• SEC Lifts Ban on General Solicitation for Certain Offerings
  • July 17, 2013
  • Law Firm: Holland Hart LLP - Denver Office
  • On July 10, 2013, the Securities and Exchange Commission lifted the ban on general solicitation relating to offers of securities exempt under Rule 144A and Rule 506 of Regulation D under the Securities Act of 1933. Lifting of the ban on general solicitation is part of a series of changes being implemented by the SEC pursuant to the JOBS Act. The rule amendments become effective 60 days after publication in the Federal Register.

    Rule 506 and Rule 144A are offering and resale exemptions that have historically been used to raise substantial amounts of capital. In 2012 alone, it is estimated that $173 billion and $636 billion, respectively, were raised in Rule 506 and non-asset backed securities Rule 144A offerings by operating companies (including both equity and debt). Additionally, pooled investment funds, such as venture capital funds, private equity funds, and hedge funds, are estimated to have raised $725 billion and $4 billion, respectively, in 2012. This is compared to $1.2 trillion raised in registered public offerings in 2012.

    The General Solicitation Option

    Qualifying for the private offering exemption under Rule 506 has historically required an issuer to meet various criteria, including not using general solicitation or advertising in connection with the offering. However, under amended Rule 506, issuers may now conduct general solicitation efforts and advertising, so long as they comply with all terms and conditions of other applicable rules under Regulation D and take reasonable steps to verify that they sell only to accredited investors or those they reasonably believe to be accredited investors. Similarly, issuers conducting an offering using the resale exemption under Rule 144A may now make offers to non-qualified institutional buyers (QIBs), including by means of general solicitation, so long as the issuer sells only to QIBs or those they reasonably believe to be QIBs. Issuers still cannot use general solicitation in Rule 504 or Rule 505 offerings.

    Issuers conducting offerings under the amended Rule 506 (codified under Rule 506(c)) may not sell to non-accredited investors and must take "reasonable steps to verify" the accredited investor status of purchasers. While the SEC has stated that this must be an objective assessment by an issuer on a case-by-case basis that considers the facts and circumstances of each purchaser and the transaction, it has also provided a non-exclusive list of methods that issuers may use. These methods include (i) reviewing copies of any IRS form that reports the income of the purchaser and obtaining a written representation that the purchaser will likely continue to earn the necessary income in the current year or (ii) receiving a written confirmation from a registered broker-dealer, SEC-registered investment adviser, licensed attorney, or certified public accountant that such entity or person has taken reasonable steps to verify the purchaser's accredited status.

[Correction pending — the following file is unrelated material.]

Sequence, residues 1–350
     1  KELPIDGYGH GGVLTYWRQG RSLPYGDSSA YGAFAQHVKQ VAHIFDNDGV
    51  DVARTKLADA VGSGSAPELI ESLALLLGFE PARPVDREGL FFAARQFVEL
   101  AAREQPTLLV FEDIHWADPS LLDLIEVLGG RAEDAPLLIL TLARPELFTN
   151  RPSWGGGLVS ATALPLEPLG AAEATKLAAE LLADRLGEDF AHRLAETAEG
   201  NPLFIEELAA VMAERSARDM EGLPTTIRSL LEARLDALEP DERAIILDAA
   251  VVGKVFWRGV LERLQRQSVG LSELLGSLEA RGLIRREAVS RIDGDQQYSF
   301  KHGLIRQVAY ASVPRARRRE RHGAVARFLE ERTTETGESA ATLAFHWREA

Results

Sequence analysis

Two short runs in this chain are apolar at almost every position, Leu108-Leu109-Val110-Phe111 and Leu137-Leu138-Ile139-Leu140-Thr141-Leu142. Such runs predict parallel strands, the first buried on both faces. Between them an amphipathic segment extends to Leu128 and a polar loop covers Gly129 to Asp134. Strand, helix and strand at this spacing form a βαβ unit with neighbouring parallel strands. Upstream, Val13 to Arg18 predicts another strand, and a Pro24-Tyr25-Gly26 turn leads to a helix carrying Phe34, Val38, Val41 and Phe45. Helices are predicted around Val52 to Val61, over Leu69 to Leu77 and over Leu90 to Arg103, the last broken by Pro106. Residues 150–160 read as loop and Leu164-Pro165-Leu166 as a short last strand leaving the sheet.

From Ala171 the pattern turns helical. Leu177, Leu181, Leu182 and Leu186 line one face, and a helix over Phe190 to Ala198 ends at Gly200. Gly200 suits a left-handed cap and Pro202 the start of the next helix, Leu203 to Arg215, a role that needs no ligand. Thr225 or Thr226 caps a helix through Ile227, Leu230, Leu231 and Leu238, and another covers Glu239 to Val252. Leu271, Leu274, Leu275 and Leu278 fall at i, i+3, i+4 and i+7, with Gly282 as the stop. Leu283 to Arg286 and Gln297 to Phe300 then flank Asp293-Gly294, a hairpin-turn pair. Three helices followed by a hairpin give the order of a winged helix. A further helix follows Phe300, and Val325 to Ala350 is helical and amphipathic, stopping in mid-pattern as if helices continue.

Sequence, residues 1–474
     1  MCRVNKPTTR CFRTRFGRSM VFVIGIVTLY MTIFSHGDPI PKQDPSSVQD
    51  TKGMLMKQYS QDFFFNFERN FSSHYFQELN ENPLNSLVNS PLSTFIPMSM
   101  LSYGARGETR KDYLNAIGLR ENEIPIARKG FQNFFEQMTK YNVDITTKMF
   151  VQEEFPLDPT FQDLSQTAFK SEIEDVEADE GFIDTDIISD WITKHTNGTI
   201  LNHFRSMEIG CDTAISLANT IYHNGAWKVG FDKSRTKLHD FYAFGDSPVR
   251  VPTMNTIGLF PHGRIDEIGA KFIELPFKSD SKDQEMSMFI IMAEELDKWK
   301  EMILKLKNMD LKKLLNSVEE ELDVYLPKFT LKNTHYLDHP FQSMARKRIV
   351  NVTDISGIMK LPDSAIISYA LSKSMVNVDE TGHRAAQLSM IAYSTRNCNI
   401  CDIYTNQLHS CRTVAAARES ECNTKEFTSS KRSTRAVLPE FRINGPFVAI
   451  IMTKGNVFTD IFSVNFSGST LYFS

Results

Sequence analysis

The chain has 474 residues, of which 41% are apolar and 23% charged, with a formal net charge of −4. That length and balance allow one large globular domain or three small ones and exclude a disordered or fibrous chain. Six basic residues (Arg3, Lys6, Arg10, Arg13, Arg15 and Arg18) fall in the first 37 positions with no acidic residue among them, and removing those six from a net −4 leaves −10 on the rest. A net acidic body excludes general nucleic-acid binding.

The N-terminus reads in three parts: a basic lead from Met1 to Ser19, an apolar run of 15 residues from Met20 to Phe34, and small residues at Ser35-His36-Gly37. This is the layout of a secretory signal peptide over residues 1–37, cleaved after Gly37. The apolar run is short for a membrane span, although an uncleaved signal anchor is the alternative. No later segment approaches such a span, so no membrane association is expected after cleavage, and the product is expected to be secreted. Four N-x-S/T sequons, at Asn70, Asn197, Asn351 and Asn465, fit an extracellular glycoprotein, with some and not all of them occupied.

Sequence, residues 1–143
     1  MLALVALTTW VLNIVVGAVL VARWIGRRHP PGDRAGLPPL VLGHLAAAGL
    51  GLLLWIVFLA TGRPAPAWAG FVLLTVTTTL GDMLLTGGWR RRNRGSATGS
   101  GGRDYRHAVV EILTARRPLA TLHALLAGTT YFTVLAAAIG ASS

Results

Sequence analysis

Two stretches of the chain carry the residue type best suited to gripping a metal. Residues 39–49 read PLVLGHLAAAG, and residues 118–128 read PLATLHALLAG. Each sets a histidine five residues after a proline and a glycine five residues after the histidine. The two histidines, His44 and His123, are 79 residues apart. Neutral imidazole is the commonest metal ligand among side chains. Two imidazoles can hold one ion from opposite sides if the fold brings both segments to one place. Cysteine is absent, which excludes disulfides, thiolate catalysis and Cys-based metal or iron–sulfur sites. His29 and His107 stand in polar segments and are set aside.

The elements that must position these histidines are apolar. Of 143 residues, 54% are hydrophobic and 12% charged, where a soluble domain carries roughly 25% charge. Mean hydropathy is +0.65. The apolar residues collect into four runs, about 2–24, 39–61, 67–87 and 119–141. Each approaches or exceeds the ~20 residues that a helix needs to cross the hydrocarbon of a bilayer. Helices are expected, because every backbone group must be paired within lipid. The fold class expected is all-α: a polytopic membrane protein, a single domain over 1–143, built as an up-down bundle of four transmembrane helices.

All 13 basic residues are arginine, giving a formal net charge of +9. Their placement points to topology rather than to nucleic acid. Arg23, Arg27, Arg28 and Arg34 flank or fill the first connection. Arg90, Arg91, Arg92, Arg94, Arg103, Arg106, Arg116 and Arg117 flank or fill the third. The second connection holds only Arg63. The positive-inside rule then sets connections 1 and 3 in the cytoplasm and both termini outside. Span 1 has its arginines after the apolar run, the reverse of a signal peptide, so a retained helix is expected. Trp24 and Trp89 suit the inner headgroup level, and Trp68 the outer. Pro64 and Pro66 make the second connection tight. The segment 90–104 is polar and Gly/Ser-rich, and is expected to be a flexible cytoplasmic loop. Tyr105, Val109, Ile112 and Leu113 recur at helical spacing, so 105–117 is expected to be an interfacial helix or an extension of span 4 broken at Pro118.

In conjunction with these amendments, the SEC also adopted a "bad actor" amendment to Rule 506, preventing issuers from using the Rule 506 exemption if the issuer or certain covered individuals (including, but not limited to, officers, directors, managing members, general partners, and ten percent beneficial holders) had a "disqualifying event."

    The Existing 506 Exemption is Not Disappearing

    Issuers may still avail themselves of the pre-amendment offering rules (codified under Rule 506(b)). This means no general solicitation or advertising, but it also means that purchasers may be non-accredited investors (subject to the related information requirements) and that the issuer may satisfy itself of investor status in accordance with historical practice. In addition, raising money under Rule 506(b) still allows issuers to "fall back" on a Section 4(a)(2) exemption if needed and applicable, whereas this will not be available for those offerings using general solicitation.

    But there is more...

    In connection with lifting the ban on general solicitation, the SEC proposed new amendments to Rule 506, including:

    • A 15-day advance notice requirement on Form D in order to engage in general solicitation as part of a Rule 506 offering.
    • Additional information required on Form D, such as the issuer's website address, the type of investors, the use of proceeds from the offering, the types of general solicitation used, and the methods used to verify accredited investor status.
    • A one-year disqualification (measured from filing) from using Rule 506 if the issuer (or its predecessor or affiliate) did not comply with the Form D requirements in a Rule 506 offering.
    • Legends or cautionary statements in any written general solicitation materials used in a Rule 506 offering.
    • Confidential submission of written general solicitation materials to the SEC for a period of two years.

    The SEC also proposed applying the guidance contained in Rule 156 under the Securities Act, which interprets the antifraud provisions of the federal securities laws in connection with sales literature used by investment companies, to private funds.

    These proposals are subject to a 60-day comment period.